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Bull Trout Won’t Receive Endangered Status But Governors Promise To Clean Habitat

The U.S. Fish and Wildlife Service on Thursday announced it would not push for an endangered species designation for bull trout in the coming year, but governors from Idaho and Montana say they are working toward its recovery anyway.

Michael Spear, U.S. Fish and Wildlife Service regional director, announced at a bull trout symposium in Boise that his agency still considered the fish qualified for an endangered listing.

But he said other species in the Northwest face a greater peril, and the service was lowering the bull trout’s priority from a higher “3” designation on a scale of 1 to 12 to a “9” rating.

“We have 102 species in the 1 to 8 categories,” he told former Idaho Gov. Cecil Andrus’ “Solving the Bull Trout Puzzle” gathering at Boise State University. “There are 66 in the 1, 2 and 3 categories.”

While Fish and Wildlife was concerned enough to give the bull trout a 3 rating in January because of degradation of the clear streams it needs to survive, the states’ and Forest Service’s efforts show the recovery effort is on the way, Spear said.

“We haven’t made a final decision,” he cautioned. “But clearly, there is a greater interest in the bull trout and it isn’t being ignored. This is how the Endangered Species Act is supposed to work.

“The states have said they want a bigger piece of the action with endangered species,” he said. “Fish and Wildlife has been too quick to list species and grab authority from states in what is largely a resident species.”

The bull trout inhabits streams in Washington, Oregon, Idaho, western Montana and a corner of Nevada. Conservationists warn there are few viable populations left, largely because of sediment from logging and other industries.

“I’m pleased by the announcement from the federal government,” Idaho Gov. Phil Batt said. “This is what Montana and I are asking them to do. It places the responsibility on us, however. We must come up with feasible remedies or we could face federal action.”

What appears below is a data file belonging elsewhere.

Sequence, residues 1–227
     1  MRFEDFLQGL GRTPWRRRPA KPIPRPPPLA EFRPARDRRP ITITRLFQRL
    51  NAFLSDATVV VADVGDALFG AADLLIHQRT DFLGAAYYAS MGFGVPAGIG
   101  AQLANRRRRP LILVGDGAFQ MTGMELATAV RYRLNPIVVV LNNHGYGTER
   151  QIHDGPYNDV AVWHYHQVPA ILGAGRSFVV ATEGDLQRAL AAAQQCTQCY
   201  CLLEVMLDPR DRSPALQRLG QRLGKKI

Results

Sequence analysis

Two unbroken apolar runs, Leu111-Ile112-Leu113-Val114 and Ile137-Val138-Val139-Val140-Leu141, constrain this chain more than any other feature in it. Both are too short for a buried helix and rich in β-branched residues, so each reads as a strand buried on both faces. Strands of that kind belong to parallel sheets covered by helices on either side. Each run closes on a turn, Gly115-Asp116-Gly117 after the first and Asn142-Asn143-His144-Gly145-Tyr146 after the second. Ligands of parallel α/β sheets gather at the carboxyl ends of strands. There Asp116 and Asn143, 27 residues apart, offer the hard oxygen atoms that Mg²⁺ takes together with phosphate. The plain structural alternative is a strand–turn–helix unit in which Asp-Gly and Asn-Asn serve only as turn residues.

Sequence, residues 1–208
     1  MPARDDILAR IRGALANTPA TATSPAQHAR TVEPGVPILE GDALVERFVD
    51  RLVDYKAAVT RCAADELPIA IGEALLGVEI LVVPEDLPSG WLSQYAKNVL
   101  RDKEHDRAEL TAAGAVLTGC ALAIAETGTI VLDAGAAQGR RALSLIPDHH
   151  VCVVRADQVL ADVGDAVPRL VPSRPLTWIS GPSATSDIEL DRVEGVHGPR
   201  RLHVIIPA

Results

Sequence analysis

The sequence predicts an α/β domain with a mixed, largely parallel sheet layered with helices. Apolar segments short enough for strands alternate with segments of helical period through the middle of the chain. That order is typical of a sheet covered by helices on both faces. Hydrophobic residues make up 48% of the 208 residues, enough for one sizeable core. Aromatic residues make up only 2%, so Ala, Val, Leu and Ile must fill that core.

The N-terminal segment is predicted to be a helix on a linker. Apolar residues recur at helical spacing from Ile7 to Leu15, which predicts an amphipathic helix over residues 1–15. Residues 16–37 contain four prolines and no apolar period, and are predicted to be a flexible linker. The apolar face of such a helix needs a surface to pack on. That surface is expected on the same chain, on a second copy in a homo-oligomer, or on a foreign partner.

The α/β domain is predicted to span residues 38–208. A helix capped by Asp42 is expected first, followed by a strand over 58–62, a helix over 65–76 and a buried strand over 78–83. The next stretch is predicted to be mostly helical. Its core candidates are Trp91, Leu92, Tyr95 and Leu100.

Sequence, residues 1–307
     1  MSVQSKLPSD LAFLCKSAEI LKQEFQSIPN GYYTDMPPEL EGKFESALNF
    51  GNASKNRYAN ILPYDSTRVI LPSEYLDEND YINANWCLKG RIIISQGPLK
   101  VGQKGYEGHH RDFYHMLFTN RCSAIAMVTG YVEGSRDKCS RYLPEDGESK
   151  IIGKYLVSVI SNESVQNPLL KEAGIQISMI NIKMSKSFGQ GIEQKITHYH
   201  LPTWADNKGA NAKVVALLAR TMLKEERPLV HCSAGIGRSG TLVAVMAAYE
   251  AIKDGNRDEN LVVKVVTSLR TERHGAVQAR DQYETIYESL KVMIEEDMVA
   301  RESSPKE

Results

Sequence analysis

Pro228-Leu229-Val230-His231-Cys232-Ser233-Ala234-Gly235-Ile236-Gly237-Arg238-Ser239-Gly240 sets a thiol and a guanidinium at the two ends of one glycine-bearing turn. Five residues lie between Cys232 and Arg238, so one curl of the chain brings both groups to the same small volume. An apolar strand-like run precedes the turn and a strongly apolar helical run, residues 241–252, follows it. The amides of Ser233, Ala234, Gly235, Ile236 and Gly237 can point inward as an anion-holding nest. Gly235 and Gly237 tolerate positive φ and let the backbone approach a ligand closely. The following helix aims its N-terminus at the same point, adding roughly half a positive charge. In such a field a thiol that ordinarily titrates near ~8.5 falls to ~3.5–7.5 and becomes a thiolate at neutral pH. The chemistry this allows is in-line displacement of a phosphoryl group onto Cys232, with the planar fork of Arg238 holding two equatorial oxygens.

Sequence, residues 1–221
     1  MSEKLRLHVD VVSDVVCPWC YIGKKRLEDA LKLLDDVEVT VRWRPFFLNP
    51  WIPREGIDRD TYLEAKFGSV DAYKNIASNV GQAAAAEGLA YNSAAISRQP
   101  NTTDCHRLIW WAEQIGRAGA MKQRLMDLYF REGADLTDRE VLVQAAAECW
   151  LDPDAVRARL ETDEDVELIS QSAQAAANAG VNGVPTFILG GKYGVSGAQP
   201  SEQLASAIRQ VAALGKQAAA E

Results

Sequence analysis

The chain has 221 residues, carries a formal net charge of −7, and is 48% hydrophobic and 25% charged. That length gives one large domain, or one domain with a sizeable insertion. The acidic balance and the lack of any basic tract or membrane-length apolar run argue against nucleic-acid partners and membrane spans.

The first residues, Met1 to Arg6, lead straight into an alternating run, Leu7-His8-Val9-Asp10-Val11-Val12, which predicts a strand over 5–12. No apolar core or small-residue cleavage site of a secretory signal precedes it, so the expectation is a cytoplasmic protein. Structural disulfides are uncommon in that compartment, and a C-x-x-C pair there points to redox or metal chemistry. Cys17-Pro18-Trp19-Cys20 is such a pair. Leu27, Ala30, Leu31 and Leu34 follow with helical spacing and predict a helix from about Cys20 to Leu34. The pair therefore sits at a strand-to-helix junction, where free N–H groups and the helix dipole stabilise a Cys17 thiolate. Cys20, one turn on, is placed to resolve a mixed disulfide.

Batt said reviving the bull trout could be easier than Idaho’s salmon runs because it is difficult to determine whether actions like spilling water at the dams or drawdowns work with the migratory fish.

“I have witnessed and participated in the painful and mostly fruitless contortions associated with the salmon issue,” Montana Gov. Marc Racicot said.

But he enthusiastically outlined Montana’s efforts to preserve the bull trout without the Endangered Species Act kicking in.

A restoration team including government officials, loggers, tribes and conservationists are considering a number of steps. They include improving grazing near streams, citizen anti-poaching groups, land exchanges and altering hydroelectric projects.

Volunteer groups for each of the 12 watersheds which historically contained bull trout populations are being formed for their advice, he said.

“It is wrong to take a political approach to a scientific issue,” he said.

Dave Wright, supervisor of the Panhandle National Forest in Idaho, serves on the Inland Native Fish Strategy Team. He predicted Montana will submit an interim conservation strategy this fall and Idaho by December. Washington and Oregon plans will arrive later, he said.

The federal government is preparing environmental impact statements for the Columbia River Basin. The interim strategies will serve until those statements are released and the public has reacted, Wright said.

The Alliance for the Wild Rockies, Swan View Coalition and Friends of the Wild Swan in Montana went to court to list the bull trout as endangered. But Alliance Director Mike Bader said Andrus reduced their involvement in the symposium to a “spectator status.